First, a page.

Now to your issue: COPD and the associated breathing problems. Better than me writing a detailed, long reply here is for you to visit the Seydel harmonica company’s online site – and in particular this page about their Pulmonica harmonica. It is not cheap (priced around $150 with harp and instruction book in English) but the medical test results are quite impressive:

  • Better breathing in as little as two weeks.
  • Better clearing of secretions with only 5 min. use twice each day.
  • 13% improved quality of life after 8 weeks of use.
  • Exhalation pressure (FEV1) improved 34% after 8 weeks of use.
  • Vital capacity (FVC) improved 46% after 8 weeks of use.

So it is definitely worth checking out!! :point_left:

Another page on the Seydel online site about the Pulmonica is this page.

If you and your doctor decide to give this a try, but you prefer sticking with the regular diatonic blues harp and following the lessons that @Luke provides, then I would suggest moving to a lower tuned diatonic harp (such as a Low D or Low C harp – the Low C would be the same as used in most of the lessons from @Luke but is just one octave lower in tone), and Seydel has a great selection of low-tuned harps ranging all the way down to a Low-Low E :astonished:

The reason for lower tuned harps is that lower frequencies (tones) played as chords (more than one hole at a time) are better at loosening the secretions in your pulmonary system. :point_left: :face_with_monocle:

The models in the 1847 Classic Low line-up include that Low-Low E model (priced around $90), while the less expensive Session Steel Standard Richter line-up “only” go down to Low C (priced around $60). If you can afford it, I would go for the 1847 models. :point_left:

Be sure to first consult with your physician and tell him/her that the research concerning the Pulmonica was done by Dr. William Weiss at the Senior Friendship Center in Sarasota, Florida. Here is a collection of videos about the Pulmonica.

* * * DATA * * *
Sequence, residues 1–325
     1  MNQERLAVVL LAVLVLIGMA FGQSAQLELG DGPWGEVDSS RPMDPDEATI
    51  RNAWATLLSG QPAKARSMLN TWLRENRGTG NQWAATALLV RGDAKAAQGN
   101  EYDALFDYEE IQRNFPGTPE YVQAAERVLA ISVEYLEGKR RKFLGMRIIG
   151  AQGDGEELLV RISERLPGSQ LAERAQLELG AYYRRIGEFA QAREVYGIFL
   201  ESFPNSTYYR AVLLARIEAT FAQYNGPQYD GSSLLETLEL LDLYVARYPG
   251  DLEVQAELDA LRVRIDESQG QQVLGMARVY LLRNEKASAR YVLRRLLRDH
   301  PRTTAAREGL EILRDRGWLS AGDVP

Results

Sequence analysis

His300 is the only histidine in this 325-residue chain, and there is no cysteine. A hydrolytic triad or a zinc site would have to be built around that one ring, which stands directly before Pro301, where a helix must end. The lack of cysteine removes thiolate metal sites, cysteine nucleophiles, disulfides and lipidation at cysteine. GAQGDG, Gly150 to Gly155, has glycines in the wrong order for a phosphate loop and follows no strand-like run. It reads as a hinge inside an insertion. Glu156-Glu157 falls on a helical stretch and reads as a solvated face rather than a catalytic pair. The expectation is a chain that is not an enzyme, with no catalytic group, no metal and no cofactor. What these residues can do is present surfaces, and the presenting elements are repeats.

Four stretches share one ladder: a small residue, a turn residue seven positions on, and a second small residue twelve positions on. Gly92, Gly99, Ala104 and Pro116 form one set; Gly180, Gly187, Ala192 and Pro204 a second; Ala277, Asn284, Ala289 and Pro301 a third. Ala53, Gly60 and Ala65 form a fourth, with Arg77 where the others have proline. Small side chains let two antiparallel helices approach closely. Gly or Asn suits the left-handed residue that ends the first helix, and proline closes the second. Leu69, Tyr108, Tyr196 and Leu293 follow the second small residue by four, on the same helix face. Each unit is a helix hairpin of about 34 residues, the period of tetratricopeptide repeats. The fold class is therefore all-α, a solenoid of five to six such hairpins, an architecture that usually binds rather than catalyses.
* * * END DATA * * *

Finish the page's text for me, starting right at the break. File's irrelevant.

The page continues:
What I almost forgot to say about the Seydel harp models that are mentioned above: they all come with stainless steel reeds (which last much longer than the usual brass reeds found in almost all other harmonicas). :partying_face:

More questions? Just ask! :sunglasses:

Best regards,
– Slim

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Wow Slim! This is so fascinating! Thank you for sharing this. I saw a “Harmonica MD” booth over by the Seydel booth at the NAMM show one year, but hadn’t a chance to visit it, and WOW I had no idea these kind of results were had with it.

It’s also fascinating to me that the lower tunings are better. Great tips to try the Low C to go along with the Beginner to Boss course. I will recommend that for students of the course who are battling COPD.

Rock on,
Luke

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Thanks for the advice/help. I appreciate it…BTW, I just watched Luke’s “Bend It” video. I was able to get my first bend on 4 Draw almost immediately. I also found that I lost the technique very easily if I ‘over practiced’. Need to be patient and let the mouth recuperate between bends.

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Wow! Congrats on getting your first bend! Yup, as with learning any new technique, patience is a must with bending!

Rock on,
Luke